Which areas of Suffolk are pledging to tackle climate change?
PUBLISHED: 15:23 26 July 2019 | UPDATED: 16:58 29 July 2019
Three Suffolk councils have vowed to tackle climate change in the county after declaring a state of climate emergency.
East Suffolk and Mid Suffolk councils declared a state of climate emergency at their meetings this week, and pledged to set up task forces which will work to find ways of reducing their carbon footprint.
Babergh acknowledged a state of climate emergency, but went one step short of formally declaring the situation.
All three have pledged to be carbon neutral by 2030.
Conservative cabinet member for environment, Jessica Fleming put forward Mid Suffolk's motion. She said: "There is a clear role for all Suffolk councils to work together to achieve real progress, and I look forward to bringing Mid Suffolk into that framework, to develop and co-ordinate environmental action into this county and to the region."
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Each council will set up a task force in September that will come up with measures and policies to reduce carbon emissions in its work.
It is anticipated those groups will report back with first updates within six months.
Babergh Green councillor Robert Lindsay said: "It means that every single policy of the council that we decide on has to be scrutinised to see whether it moves towards the goal of reducing carbon or actually increases carbon."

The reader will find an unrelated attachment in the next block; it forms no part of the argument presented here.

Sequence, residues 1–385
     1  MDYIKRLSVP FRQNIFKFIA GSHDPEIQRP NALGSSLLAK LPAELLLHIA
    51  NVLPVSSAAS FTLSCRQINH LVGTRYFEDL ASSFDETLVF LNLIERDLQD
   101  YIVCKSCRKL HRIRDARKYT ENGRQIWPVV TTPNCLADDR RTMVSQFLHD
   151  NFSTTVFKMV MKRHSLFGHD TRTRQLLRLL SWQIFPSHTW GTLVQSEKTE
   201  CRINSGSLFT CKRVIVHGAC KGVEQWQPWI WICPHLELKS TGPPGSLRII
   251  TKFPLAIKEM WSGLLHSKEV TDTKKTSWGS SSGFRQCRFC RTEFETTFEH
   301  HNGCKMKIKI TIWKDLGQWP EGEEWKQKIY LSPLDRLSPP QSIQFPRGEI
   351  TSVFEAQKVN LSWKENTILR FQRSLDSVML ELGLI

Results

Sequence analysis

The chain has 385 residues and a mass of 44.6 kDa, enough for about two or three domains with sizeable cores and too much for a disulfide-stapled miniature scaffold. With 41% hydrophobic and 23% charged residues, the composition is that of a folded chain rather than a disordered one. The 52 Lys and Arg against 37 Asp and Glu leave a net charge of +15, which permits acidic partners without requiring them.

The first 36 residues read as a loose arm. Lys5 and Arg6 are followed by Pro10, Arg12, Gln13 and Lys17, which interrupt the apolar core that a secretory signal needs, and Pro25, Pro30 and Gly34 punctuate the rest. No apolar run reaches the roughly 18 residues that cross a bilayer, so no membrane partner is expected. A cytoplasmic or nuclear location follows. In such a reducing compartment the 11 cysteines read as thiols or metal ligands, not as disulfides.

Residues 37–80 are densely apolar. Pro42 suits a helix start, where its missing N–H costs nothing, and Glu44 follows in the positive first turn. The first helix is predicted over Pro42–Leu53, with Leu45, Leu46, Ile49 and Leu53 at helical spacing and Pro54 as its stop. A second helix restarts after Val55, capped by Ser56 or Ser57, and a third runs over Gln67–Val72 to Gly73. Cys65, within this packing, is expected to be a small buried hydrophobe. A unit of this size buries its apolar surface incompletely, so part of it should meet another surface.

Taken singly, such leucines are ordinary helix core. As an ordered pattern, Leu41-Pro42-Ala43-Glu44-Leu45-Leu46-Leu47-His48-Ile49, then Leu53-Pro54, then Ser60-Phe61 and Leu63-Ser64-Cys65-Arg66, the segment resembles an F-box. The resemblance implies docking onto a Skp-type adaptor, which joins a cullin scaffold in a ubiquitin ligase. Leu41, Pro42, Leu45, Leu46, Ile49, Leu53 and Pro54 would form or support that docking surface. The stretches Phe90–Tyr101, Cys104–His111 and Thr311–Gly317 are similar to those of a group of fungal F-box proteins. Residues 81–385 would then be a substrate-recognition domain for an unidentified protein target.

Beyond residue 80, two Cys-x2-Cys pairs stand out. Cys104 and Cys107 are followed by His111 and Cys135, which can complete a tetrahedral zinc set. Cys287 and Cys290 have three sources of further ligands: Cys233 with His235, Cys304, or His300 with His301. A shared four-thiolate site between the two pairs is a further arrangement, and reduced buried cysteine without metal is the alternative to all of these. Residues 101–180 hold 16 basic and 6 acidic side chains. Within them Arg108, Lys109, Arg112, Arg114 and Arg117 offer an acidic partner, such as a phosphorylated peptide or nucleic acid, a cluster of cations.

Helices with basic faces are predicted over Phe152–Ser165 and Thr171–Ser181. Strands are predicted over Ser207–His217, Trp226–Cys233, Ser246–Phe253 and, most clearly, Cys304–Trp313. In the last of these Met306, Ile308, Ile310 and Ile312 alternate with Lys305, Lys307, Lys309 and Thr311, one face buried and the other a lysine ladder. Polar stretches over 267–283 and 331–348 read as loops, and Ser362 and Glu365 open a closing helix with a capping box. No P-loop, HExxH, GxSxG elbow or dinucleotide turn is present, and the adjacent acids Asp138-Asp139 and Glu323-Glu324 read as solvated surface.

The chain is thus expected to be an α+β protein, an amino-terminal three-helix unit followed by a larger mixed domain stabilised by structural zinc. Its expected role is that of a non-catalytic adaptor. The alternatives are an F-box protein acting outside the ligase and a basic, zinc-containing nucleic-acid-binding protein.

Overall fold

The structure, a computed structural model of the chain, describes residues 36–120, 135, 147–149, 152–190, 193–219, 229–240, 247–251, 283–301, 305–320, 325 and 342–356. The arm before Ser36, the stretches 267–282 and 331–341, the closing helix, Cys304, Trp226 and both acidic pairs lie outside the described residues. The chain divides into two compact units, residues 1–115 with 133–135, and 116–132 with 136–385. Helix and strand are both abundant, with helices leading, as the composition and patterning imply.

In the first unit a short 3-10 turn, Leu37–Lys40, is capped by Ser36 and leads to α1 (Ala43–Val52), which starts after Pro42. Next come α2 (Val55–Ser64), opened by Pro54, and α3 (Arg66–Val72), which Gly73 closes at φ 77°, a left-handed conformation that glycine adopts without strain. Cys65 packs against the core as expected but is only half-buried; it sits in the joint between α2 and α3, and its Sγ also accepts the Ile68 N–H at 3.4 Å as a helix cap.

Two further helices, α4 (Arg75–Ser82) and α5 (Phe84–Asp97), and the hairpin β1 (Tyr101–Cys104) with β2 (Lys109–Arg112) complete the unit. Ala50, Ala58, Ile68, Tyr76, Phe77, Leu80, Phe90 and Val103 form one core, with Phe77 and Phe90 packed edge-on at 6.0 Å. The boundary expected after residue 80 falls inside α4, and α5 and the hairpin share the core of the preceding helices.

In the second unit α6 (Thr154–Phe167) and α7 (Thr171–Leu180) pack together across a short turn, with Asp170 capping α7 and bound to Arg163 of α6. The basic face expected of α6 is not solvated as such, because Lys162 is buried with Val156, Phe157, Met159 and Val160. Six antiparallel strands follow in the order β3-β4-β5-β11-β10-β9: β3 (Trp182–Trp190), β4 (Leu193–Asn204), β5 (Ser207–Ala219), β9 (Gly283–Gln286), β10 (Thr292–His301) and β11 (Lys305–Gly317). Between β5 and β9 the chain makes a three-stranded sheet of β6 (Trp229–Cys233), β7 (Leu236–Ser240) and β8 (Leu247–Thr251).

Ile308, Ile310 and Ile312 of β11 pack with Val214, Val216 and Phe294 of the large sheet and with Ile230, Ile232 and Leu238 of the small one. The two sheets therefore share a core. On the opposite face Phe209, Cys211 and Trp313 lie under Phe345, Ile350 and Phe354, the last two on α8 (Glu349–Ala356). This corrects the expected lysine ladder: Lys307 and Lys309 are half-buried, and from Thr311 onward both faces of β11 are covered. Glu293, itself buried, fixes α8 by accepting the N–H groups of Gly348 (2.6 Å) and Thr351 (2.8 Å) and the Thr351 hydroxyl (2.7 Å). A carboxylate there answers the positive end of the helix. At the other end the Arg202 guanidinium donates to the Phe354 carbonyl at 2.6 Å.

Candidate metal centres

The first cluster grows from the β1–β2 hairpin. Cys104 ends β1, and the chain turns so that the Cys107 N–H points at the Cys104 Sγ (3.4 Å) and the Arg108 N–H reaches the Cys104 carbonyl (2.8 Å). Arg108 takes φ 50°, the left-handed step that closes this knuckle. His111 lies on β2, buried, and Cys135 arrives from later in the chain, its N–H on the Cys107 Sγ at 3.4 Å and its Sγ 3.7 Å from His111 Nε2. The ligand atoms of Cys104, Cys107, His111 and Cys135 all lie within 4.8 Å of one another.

East Suffolk Green councillor Rachel Smith-Lyte, who put forward their motion, said: "This is a huge relief. Of course this is just the start, but now at least now we have a mandate to look at and change the way we do things as a council and bring budgets into line with the reality of de-carbonising our buildings and local services to net zero by 2030. Its great to get cross-party consensus - this was always far too important to be left to party politics."
West Suffolk Council's cabinet agreed a climate emergency motion should go to the authority's next full council meeting, following a motion put forward by the Labour group at the last full council meeting.
Elizabeth Malvisi, Conservative cabinet member for environment at Babergh said: "Tackling climate change cannot just be left to national government - it is everyone's duty to do what they can to stop this existential threat to our planet."
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